- Heath AC, Whitfield JB, Martin NG, Pergadia ML, Goate AM, Lind PA, McEvoy BP, Schrage AJ, Grant JD, Chou YL, et al: A Quantitative-Trait Genome-Wide Association Study of Alcoholism Risk in the Community: Findings and Implications. Biol Psychiatry. 2011, Epub April 27Google Scholar
- Sullivan PF, de Geus EJ, Willemsen G, James MR, Smit JH, Zandbelt T, Arolt V, Baune BT, Blackwood D, Cichon S, et al: Genome-wide association for major depressive disorder: a possible role for the presynaptic protein piccolo. Mol Psychiatry. 2009, 14 (4): 359-375. 10.1038/mp.2008.125.View ArticlePubMedGoogle Scholar
- Painter JN, Anderson CA, Nyholt DR, Macgregor S, Lin J, Lee SH, Lambert A, Zhao ZZ, Roseman F, Guo Q, et al: Genome-wide association study identifies a locus at 7p15.2 associated with endometriosis. Nat Genet. 2011, 43 (1): 51-54. 10.1038/ng.731.View ArticlePubMedGoogle Scholar
- Medland SE, Nyholt DR, Painter JN, McEvoy BP, McRae AF, Zhu G, Gordon SD, Ferreira MA, Wright MJ, Henders AK, et al: Common variants in the trichohyalin gene are associated with straight hair in Europeans. Am J Hum Genet. 2009, 85 (5): 750-755. 10.1016/j.ajhg.2009.10.009.View ArticlePubMedPubMed CentralGoogle Scholar
- Ellinghaus D, Schreiber S, Franke A, Nothnagel M: Current software for genotype imputation. Hum Genomics. 2009, 3 (4): 371-380.PubMedPubMed CentralGoogle Scholar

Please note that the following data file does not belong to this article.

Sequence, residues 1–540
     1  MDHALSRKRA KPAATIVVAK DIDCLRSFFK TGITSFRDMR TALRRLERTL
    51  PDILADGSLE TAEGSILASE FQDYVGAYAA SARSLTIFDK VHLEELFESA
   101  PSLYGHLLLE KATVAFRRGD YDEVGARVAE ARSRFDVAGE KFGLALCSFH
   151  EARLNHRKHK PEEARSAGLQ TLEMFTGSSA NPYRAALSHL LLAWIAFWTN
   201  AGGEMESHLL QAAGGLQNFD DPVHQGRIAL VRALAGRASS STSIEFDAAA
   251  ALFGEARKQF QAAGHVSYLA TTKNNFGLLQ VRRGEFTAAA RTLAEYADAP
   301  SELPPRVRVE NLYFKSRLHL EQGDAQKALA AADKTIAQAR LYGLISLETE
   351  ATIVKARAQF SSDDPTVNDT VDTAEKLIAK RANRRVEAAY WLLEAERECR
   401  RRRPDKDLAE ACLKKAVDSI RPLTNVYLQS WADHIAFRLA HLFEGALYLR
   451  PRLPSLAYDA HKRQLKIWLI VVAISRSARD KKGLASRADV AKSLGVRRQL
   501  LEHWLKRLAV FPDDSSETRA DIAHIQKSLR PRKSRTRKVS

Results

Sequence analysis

- Marchini J, Howie B: Genotype imputation for genome-wide association studies. Nat Rev Genet. 2010, 11 (7): 499-511. 10.1038/nrg2796.View ArticlePubMedGoogle Scholar
- Nothnagel M, Ellinghaus D, Schreiber S, Krawczak M, Franke A: A comprehensive evaluation of SNP genotype imputation. Hum Genet. 2009, 125 (2): 163-171. 10.1007/s00439-008-0606-5.View ArticlePubMedGoogle Scholar
- StataCorp: Stata Statistical Software: Release 7.0. 1997, College Station, Tex: StataCorpGoogle Scholar
- Abecasis GR, Cherny SS, Cookson WO, Cardon LR: Merlin--rapid analysis of dense genetic maps using sparse gene flow trees. Nat Genet. 2002, 30 (1): 97-101. 10.1038/ng786.View ArticlePubMedGoogle Scholar
- Aulchenko YS, Ripatti S, Lindqvist I, Boomsma D, Heid IM, Pramstaller PP, Penninx BW, Janssens AC, Wilson JF, Spector T, et al: Loci influencing lipid levels and coronary heart disease risk in 16 European population cohorts. Nat Genet. 2009, 41 (1): 47-55. 10.1038/ng.269.View ArticlePubMedGoogle Scholar